Automating Electronic Device Manufacturing with Cobots

Automating Electronic Device Manufacturing with Cobots

In recent years the use of industrial robots in the electronics industry has nearly caught up to the automotive industry. More electronic device manufacturers are automating their operations in response to growing consumer demand, higher production costs, and labor shortages. The electronic device industry presents unique challenges to automating such as a high mix of products, crowded manufacturing floors, sensitive parts, and unpredictable volume spikes. These issues have made automating entire operations with traditional industrial robot arms difficult. This has led to the automation of electronic device manufacturing with cobots.

How Cobots Support Electronic Device Manufacturing

Collaborative robots are being used to automate the assembly processes involved with electronic device manufacturing. The FANUC CR-7ia is ideal for tasks like fastening covers on circuit boards. Other assembly tasks automated by cobots include retrieving parts, connecting parts, gluing, and screw driving. The small size and light payloads of cobots makes them ideal for handling the delicate and small components of electronic devices. Collaborative robots are best for taking over repetitive tasks from workers, allowing them to focus on more critical aspects of a production.

Cobots are designed to work collaboratively with manufacturing equipment, human workers, and even other cobots. Their barrier-free operation along with various safety sensors makes them capable of interacting with people, other robot manipulators, or equipment without interference or safety issues. An entire production line of cobots can work simultaneously on different tasks to start and complete an entire product cycle. Once one cobot has finished a task, it can hand the part off to the next cobot for the following assembly process.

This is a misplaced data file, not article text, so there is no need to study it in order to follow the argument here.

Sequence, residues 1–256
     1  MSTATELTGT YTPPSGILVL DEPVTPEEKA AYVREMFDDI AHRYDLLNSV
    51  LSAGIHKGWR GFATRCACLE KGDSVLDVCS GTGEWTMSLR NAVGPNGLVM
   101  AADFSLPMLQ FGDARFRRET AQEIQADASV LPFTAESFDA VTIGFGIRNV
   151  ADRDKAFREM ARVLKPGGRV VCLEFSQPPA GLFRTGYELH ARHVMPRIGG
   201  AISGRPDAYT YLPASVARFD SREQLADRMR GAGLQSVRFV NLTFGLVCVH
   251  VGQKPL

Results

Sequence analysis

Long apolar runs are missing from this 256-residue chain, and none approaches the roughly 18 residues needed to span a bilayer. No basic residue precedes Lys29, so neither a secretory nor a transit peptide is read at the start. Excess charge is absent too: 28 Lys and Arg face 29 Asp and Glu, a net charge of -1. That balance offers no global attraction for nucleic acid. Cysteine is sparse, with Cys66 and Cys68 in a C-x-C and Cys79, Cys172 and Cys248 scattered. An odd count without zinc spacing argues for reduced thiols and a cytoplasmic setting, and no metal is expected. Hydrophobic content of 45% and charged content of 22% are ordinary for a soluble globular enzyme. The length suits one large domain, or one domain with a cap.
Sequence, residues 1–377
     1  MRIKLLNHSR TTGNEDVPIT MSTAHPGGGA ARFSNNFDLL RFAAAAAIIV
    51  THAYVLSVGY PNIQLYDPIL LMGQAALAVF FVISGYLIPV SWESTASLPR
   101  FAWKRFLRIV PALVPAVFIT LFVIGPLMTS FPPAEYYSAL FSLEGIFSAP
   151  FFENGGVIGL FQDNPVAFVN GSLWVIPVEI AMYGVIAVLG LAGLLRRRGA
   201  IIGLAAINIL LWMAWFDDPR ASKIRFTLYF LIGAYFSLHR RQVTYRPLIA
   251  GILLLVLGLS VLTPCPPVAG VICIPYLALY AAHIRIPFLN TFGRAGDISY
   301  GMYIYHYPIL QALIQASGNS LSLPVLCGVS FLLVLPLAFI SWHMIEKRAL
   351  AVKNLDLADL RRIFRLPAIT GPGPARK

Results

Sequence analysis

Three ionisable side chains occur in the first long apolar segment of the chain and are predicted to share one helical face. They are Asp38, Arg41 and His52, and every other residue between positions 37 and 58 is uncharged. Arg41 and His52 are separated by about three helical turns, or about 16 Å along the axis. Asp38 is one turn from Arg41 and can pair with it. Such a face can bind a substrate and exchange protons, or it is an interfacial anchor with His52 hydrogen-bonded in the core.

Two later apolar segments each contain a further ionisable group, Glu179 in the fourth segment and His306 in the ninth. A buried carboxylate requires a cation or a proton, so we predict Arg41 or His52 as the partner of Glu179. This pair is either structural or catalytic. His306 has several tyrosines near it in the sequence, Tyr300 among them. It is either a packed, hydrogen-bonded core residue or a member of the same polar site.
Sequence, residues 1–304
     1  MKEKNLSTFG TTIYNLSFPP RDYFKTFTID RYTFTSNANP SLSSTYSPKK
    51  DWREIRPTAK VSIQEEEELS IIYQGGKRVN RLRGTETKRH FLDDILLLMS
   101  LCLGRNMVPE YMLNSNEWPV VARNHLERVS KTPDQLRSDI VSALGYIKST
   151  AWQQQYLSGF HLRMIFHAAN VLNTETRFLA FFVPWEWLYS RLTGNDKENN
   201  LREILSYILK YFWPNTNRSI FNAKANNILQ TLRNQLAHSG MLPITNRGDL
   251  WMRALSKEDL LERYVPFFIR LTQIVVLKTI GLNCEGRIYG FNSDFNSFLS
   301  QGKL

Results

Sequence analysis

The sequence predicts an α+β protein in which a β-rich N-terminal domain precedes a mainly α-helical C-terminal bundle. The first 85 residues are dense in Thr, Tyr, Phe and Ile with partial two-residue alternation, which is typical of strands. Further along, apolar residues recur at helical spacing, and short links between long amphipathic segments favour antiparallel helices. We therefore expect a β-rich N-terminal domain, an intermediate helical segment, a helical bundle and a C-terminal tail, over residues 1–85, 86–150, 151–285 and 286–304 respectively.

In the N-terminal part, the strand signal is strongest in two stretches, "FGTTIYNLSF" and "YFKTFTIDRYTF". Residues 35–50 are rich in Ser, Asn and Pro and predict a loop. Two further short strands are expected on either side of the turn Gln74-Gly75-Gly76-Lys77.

Many electronic components are sensitive to dust and electrostatic discharge. Exposure can compromise the components and the overall quality of the electronic device. Many cobots including the Universal UR10 are protected from emitting electrostatic discharge. This ensures parts do not become compromised during the handling and manufacturing of devices. Automating electronic device manufacturing allows for better control over the work environment with less human involvement.

With the compact footprint of collaborative robots they can be easily integrated in crowded factories, which can be common in the electronics industry. Cobots usually allow for multiple mounting options, providing installation flexibility. Their small size and light mass also allows them to be easily relocated, filling in where needed. The ease of integration of cobots gives manufacturers the flexibility to quickly adapt to unexpected labor shortages.

Cobots also support electronic device manufacturing with their quick changeover times. Electronic device manufacturing usually involves a high mix of products and high product turnover. Cobots can be programmed within a matter of minutes through hand guidance programming. Should a new product be introduced the KUKA lbr iiwa 14 R820 can quickly be retasked to automate the new assembly process. Cobots make the automation of high mix assemblies possible with quick changeovers.

Cobots also help electronic device manufacturers keep up with high consumer demand even when there are sudden unexpected spikes. Automating with cobots increases productivity as they can take over repetitive processes from workers. When demand increases they can scale up productivity rates without the need for additional workers or equipment. Manufacturers are able to adjust productivity as needed to meet demand for better customer satisfaction.

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